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Here’s a Better Way to Coach Average Talk Time

brick backgroundCatch a front-line agent in a candid moment and ask: “What’s your least favorite metric?” Few will hesitate: talk time (or talk time’s sister, ACW). Ask why and you may hear something like this: “My job is to help the customer no matter how long it takes. I try to stay within the target but it’s not my first priority. To be honest, I don’t care about hitting some number."

Ouch. But, if we’re honest, these customer-focused agents have a point. Average talk time targets don't accommodate the wide range of call types and unique customers agents handle, and the complex web of skills required to handle each call efficiently and differently.

But many contact centers are reluctant to let go of talk time targets. Average talk time outliers point us toward opportunities to become more efficient and provide better customer experiences. Talk time trends may point to a lack of agent call handling efficiency. Keeping an eye on average talk time trends makes sure we’re respecting customers’ time and maintaining contact center staffing efficiency. We can’t be expected to just ignore that data. However, how you coach agent talk time is just as important as the number itself.

Let’s consider this common scenario: You have an employee whose handle time is beyond the 3.5 minute average talk time target. Here might be the all-too-common Talk Time coaching approach: “Joe, unfortunately, your average handle time this week is 5 minutes. That’s quite a bit longer than the 3.5 minute target. I really need you to get it closer to that 3.5 minute goal - otherwise, you won’t hit it for the month."

This approach, with its focus on a number above all else, is one that’s likely to spur agent resistance, and even defiance. Also, it assumes the agent knows how to reduce their talk time without damaging the customer experience. After all, the easiest way to reduce my talk time is to go faster and cut corners, without regard for the customer or quality.

You might be surprised to hear that the best way to hit your talk time target is to never mention talk time to agents at all, or at least move it quickly into the background in coaching conversations. Instead, consider using individual agent talk time data as a gauge to identify opportunities and analyze the data to answer what are the behaviors driving the longer (or shorter) than desired talk time.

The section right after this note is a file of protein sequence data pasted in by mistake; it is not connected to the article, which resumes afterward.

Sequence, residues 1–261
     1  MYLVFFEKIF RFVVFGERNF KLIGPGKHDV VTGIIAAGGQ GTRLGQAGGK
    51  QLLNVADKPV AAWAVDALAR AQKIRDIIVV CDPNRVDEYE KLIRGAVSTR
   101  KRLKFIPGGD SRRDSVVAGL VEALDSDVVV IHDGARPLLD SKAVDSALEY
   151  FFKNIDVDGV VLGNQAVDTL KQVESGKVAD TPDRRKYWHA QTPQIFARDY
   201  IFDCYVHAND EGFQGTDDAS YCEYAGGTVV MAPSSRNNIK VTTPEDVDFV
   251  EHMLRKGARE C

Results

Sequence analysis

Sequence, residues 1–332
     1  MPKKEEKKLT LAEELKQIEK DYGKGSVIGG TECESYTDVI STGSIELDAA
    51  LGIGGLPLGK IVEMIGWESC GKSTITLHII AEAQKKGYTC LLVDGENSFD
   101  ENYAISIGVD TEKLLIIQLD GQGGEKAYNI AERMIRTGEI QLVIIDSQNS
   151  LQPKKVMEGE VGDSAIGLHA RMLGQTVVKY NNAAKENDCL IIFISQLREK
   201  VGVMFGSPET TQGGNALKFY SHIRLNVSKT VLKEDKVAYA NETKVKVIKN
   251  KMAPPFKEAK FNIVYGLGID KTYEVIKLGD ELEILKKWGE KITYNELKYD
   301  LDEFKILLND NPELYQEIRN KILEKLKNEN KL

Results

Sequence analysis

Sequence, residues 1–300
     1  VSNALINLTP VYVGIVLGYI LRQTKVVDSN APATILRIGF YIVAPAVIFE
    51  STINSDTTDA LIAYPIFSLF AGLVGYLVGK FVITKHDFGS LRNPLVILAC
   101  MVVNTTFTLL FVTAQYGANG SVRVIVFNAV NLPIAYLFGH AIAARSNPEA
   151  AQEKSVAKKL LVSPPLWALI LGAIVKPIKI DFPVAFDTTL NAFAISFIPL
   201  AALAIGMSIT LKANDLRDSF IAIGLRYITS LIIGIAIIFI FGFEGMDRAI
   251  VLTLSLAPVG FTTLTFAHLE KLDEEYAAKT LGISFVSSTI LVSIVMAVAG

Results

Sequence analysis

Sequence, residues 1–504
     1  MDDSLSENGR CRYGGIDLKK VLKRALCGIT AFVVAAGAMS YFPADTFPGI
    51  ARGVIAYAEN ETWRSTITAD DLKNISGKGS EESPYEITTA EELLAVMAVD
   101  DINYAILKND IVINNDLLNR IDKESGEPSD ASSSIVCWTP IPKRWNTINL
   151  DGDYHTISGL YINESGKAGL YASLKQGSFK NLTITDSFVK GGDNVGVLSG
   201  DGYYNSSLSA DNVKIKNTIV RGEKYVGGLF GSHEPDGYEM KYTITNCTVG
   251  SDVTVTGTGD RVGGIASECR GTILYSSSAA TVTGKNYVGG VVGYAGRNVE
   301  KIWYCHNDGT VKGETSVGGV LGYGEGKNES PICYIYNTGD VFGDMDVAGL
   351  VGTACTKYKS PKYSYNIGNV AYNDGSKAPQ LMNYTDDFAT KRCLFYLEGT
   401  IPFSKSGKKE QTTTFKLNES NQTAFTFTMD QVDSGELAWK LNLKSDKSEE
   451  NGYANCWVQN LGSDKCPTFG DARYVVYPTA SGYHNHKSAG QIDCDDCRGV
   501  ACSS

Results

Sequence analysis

The right coaching approach for an Agent who struggles with call control is different from the Agent who hasn’t mastered knowledge base navigation. Your pre-coaching data analysis should lead to a clear and concise description of what the Agent needs to do to improve their talk time.

Get Started on Talk Time Root Cause Analysis

If you use a “handle time” target, make sure it’s talk time that’s boosting the average hold time outside the acceptable range.

Listen to call recordings to figure out the root cause for talk time outliers. Skills the drive efficient talk time include:

  • Call control
  • Listening and avoiding misunderstandings.
  • Quickly diffusing anger and smoothing the way with empathy
  • Crafting clear explanations and gaining agreement
  • Product knowledge, knowledge base use, quick access to “the right answer”
  • System navigation

Conduct additional analysis to learn more. How consistent is the agent’s talk time? Are there certain call types, types of callers, or even times of day that drive longer or shorter calls? Do longer calls result in better or worse CSAT scores?

Armed with this analysis, the coach is prepared to have a productive coaching conversation that will help the agent become more efficient in handling calls. Here’s what that call efficiency coaching might sound like: "Jake, when you look at the handle time trends comparison report, can you see how your calls average about a minute and half longer than your peers? Talk time can be an indication of call handling efficiency, but it’s not the number itself that’s important. I listened to some calls, and I’d like to share with you what I learned. Calls where you felt comfortable with the subject matter - new enrollments, policy changes - were quick and efficient, but when customers had more complex policy questions, you were much more likely to put the caller on hold to check with a team lead, or even read a knowledge base article while the customer waited. I think if we can improve your product knowledge and confidence, this will also help make your calls more efficient - do you agree? Great! Let’s talk about your ideas to work on this…”

Some takeaways:

  • Direct coaching away from numbers and focus on call handling efficiency, observations, comparisons and trends. This is especially important if talk time is a scorecard metric. Help agents understand why it’s there and, most importantly, how to handle calls efficiently.
  • Educate all team members about why we focus on efficient call handling. It demonstrates respect for the caller’s time, increases scheduling efficiency and capacity, so we are more likely to meet our service level goals and achieve high levels of customer satisfaction. Make sure everyone in the contact center understands: We don’t want shorter calls; we want calls that are handled efficiently.
  • Make sure agents understand they shouldn’t be getting nervous at 3.5 minutes (or whatever your average is) and try to quickly end a call when they pass that magical threshold. It's important for team members to know the average target is not a call-by-call goal.
  • As a coach, the best way to hit your team’s talk time goal is to use talk time as a jumping off point for analysis and exploration, rather than a final destination.